Have you read: A search for identity in ‘The Namesake’
April 26, 2007
Jhumpa Lahiri has had quite a run in her short writing career. Her very first published work, a collection of stories called “Interpreter of Maladies,” won her the Pulitzer in 2000. Not too shabby for a first time out. Her next effort, “The Namesake,” was just released as a feature film starring Kal Penn (taking a crack at serious drama after more trivial fare such as “Harold & Kumar” and “Van Wilder: The Rise of Taj”).
A major award and a Hollywood movie – that’s the sort of one-two literary punch most writers spend their careers only dreaming about. Her success can at least partially be explained by her choice to concentrate on reality and real life experience – a departure from what we’ve seen from Salman Rushdie and other Indian writers, whose styles tend to embrace the magical. “The Namesake” richly chronicles the difficult realities Indian immigrants face in America, but it’s the sort of material anyone familiar with loneliness, alienation, displacement and isolation can relate to.
“The Namesake” begins with the story of Ashima and Ashoke Ganguli, who leave their native Calcutta for Massachusetts shortly after their arranged marriage is finalized. Ashoke has wanderlust, and he welcomes a new life in a strange land. But for the now house-bound and pregnant Ashima, every day in her new country is a painful reminder that she’s a stranger in a really strange land. She describes the feeling as a sort of “lifelong pregnancy – a perpetual wait, a constant burden, a continuous feeling out of sorts.”
While the loneliness of being a foreigner continues to be an underlying theme, the story soon shifts to focus on the Ganguli’s son, Gogol. If you think that name doesn’t quite sound Indian, you’d be right. It’s taken from his father’s favorite writer, a fact Gogol isn’t made aware of for years. To Gogol, the name doesn’t really seem to belong to any particular culture, or hold any particular meaning to him. He doesn’t understand why his father would forever mark him with such a name.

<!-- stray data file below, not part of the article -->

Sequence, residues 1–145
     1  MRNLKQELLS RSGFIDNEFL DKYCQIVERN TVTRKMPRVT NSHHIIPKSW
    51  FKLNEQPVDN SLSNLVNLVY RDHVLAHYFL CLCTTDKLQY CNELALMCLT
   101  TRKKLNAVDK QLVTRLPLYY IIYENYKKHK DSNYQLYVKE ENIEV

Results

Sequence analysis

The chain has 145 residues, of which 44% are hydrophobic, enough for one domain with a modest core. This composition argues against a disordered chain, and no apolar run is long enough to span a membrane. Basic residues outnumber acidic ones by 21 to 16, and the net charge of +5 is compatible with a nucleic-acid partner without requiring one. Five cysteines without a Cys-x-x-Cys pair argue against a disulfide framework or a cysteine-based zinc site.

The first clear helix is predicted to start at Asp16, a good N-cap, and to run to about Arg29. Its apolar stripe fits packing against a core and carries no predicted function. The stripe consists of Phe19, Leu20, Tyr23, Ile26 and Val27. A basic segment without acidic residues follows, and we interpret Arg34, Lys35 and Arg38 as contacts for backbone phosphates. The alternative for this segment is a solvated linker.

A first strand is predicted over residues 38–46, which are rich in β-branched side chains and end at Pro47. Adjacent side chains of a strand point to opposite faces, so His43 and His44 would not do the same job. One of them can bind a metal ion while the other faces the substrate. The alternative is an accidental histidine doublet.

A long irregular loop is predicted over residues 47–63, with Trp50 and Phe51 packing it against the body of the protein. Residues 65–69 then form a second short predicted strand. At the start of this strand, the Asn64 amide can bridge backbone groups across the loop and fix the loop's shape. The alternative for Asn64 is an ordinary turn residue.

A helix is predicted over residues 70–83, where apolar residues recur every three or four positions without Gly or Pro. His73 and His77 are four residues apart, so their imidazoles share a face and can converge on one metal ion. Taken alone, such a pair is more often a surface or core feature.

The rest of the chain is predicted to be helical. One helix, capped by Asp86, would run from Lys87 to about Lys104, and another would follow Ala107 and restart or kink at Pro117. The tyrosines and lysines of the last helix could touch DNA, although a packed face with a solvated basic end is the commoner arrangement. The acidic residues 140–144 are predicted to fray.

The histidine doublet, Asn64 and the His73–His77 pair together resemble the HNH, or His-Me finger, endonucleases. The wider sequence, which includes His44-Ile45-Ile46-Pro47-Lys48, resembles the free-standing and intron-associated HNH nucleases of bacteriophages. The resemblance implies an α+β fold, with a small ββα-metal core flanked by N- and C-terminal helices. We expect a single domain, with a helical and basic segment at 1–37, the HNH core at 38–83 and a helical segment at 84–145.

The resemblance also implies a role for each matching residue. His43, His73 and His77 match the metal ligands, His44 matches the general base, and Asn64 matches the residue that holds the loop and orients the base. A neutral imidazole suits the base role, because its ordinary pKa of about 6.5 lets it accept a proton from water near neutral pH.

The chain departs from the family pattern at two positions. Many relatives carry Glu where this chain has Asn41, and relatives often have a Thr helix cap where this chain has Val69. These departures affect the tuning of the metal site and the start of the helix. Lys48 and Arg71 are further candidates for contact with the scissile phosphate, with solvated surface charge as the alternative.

As a teen who wants what all teens seem to desperately want – to fly under the radar – the name is more than a mere annoyance. It feeds into the powerful sense of weirdness Gogol feels about his family, his culture, and therefore himself. He becomes rebellious, surly and sullen (sound familiar to any of you parents out there?), and tries desperately to carve out an identity for himself separate from his family and ethnicity.
Gogol gets older, changes his name, smokes pot, has girlfriends, engages in sex, and in general does the sorts of things lots of young adults do when they’re trying to “find themselves.” He hits his 30s, and tries to find happiness with an Indian girl. While Gogol never wholly embraces his background, he does finally reach a place where he can feel more or less comfortable as an Indian-American.
In the end, “The Namesake” is not really an “Indian” book at all. Lahiri’s wide appeal is largely due to her work’s universal themes, and the quality of her rich, detailed, fluid writing style. While it may not make for groundbreaking literature, it sure does make for a good read.
– Diane Lewis is a library technician at the Lake Tahoe Community College Library. Please share any of your comments, criticisms or deep-dish pie recipes by e-mailing her at email@example.com.